"44D, (1) Where any person has by means of a transfer of assets, by virtue or in consequence whereof, either alone or in conjunction with associated operations, any Income which if it were the income of such person would be chargeable to Incometax becomes payable to a person not resident or to a person resident but not ordinarily resident in the taxable territories, acquired any rights by virtue or in consequence of which he has within the meaning of this section power to enjoy such income, whether forthwith or in the future, that income shall, whether it would or would not have been chargeable to Incometax apart from the provisions of this section, be deemed to be income of such firstmentioned peison for all the purposes of this Act.
(2) Where any person receives or is entitled to receive, whether before or after any transfer of assets by virtue or in consequence whereof either alone or in conjunction with associated operations any income becomes payable to a person not resident or resident but not ordinarily resident in the taxable territories, any sum paid or payable by way of a loan or repayment of a loan or any other sum, being a sum which Is not paid or payable for full consideration In money or money's worth, paid or payable otherwise than as Income, such income shall, whether It would or would not have been chargeable to incometax apart from the provisions of this section be deemed to be the income of the firstmentioned person for all the purposes of this Act."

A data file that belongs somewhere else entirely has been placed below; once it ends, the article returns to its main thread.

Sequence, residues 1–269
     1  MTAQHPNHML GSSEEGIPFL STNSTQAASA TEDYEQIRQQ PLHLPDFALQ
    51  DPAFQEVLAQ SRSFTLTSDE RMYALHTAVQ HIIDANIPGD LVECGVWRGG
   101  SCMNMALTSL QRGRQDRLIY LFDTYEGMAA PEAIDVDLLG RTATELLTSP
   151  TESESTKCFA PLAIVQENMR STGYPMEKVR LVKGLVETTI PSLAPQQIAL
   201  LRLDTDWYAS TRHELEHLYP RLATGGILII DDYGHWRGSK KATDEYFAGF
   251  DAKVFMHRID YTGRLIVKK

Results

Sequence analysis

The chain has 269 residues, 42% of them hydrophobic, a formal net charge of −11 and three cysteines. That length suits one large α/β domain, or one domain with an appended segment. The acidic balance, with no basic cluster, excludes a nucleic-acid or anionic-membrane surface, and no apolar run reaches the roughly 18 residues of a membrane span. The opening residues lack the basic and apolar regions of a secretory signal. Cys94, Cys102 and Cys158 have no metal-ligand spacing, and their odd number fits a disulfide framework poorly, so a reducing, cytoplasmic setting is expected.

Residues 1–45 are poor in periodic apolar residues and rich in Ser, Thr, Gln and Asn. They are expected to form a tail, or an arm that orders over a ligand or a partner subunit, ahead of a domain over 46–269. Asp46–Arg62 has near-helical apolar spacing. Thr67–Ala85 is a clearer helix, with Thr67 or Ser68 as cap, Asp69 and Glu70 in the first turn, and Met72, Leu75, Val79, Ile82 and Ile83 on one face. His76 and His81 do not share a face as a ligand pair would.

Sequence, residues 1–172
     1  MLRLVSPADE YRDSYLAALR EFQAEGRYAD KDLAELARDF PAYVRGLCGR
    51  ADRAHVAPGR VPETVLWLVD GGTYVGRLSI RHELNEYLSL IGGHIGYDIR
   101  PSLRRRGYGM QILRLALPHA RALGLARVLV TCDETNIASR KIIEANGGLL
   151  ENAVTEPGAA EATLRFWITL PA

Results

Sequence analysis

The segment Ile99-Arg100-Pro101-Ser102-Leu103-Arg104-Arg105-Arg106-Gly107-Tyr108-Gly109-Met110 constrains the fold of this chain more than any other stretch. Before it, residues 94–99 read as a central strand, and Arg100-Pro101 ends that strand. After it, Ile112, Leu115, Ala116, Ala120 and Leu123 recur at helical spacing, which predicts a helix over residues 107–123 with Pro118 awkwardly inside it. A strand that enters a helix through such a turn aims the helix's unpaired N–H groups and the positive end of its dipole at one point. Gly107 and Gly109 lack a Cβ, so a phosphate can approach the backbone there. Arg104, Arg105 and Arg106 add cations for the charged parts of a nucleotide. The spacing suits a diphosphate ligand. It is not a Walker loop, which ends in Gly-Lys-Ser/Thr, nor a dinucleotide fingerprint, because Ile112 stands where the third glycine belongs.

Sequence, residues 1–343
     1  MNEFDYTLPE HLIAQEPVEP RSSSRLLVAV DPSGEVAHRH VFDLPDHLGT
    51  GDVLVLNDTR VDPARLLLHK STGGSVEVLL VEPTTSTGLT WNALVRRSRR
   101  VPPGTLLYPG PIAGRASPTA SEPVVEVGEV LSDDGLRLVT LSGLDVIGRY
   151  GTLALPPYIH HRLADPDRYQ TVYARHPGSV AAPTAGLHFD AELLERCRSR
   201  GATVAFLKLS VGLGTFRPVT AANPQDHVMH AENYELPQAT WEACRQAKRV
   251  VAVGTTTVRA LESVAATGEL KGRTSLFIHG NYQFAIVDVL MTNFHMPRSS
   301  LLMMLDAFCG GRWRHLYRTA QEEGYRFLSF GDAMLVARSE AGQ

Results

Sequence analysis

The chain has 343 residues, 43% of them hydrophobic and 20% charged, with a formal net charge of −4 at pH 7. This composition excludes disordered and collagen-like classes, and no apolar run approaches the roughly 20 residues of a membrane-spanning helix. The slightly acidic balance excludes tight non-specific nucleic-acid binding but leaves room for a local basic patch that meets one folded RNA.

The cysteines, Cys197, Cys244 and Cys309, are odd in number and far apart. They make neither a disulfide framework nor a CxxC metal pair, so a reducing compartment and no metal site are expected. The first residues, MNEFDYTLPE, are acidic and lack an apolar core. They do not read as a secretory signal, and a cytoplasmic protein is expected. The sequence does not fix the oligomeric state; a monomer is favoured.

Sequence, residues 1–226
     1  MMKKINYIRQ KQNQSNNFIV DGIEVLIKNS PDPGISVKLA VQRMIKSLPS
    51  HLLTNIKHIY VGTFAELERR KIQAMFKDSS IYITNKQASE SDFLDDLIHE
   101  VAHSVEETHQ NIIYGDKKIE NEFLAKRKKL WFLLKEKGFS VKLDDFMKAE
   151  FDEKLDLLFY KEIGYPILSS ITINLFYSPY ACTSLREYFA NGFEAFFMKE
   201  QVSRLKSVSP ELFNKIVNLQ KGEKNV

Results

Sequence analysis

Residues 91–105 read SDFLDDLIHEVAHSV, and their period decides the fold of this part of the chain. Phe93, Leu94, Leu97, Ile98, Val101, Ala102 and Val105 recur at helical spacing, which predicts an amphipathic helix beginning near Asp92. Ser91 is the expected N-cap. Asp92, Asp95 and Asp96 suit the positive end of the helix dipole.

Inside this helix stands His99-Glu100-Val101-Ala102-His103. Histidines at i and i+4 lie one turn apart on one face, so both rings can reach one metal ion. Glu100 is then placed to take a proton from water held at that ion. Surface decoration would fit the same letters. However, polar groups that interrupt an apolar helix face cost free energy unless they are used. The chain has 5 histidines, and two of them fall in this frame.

The "deeming" Is for all the purposes of the Act which In effect effaces the personality of the person actually in receipt of the Income. In such a situation, It would be Impossible to hold that the activity of "the secondmentioned person" wasconsidered as the criterion for the Judging of the eligibility of the "firstmentioned person" to earned Income relief.
19. In our opinion, all that Marimuthu had to satisfy with reference to the third of the tests We have mentioned above was that he was actively engaged in the conduct of the business of the firm of which he was a partner. That test he satisfied. His claim that earned income relief should be granted not only on the basis of his share of the firm's profits but also on the shares of his minor sons, which were included in his assessable income under the provisions of Section 16(3) (a) (II) of the Act, was well founded.
20. Our answer to the consolidated question referred to us is in the affirmative and in favour of the assessee. The assessee will be entitled to the costs of this reference. Counsel's fee Rs. 250.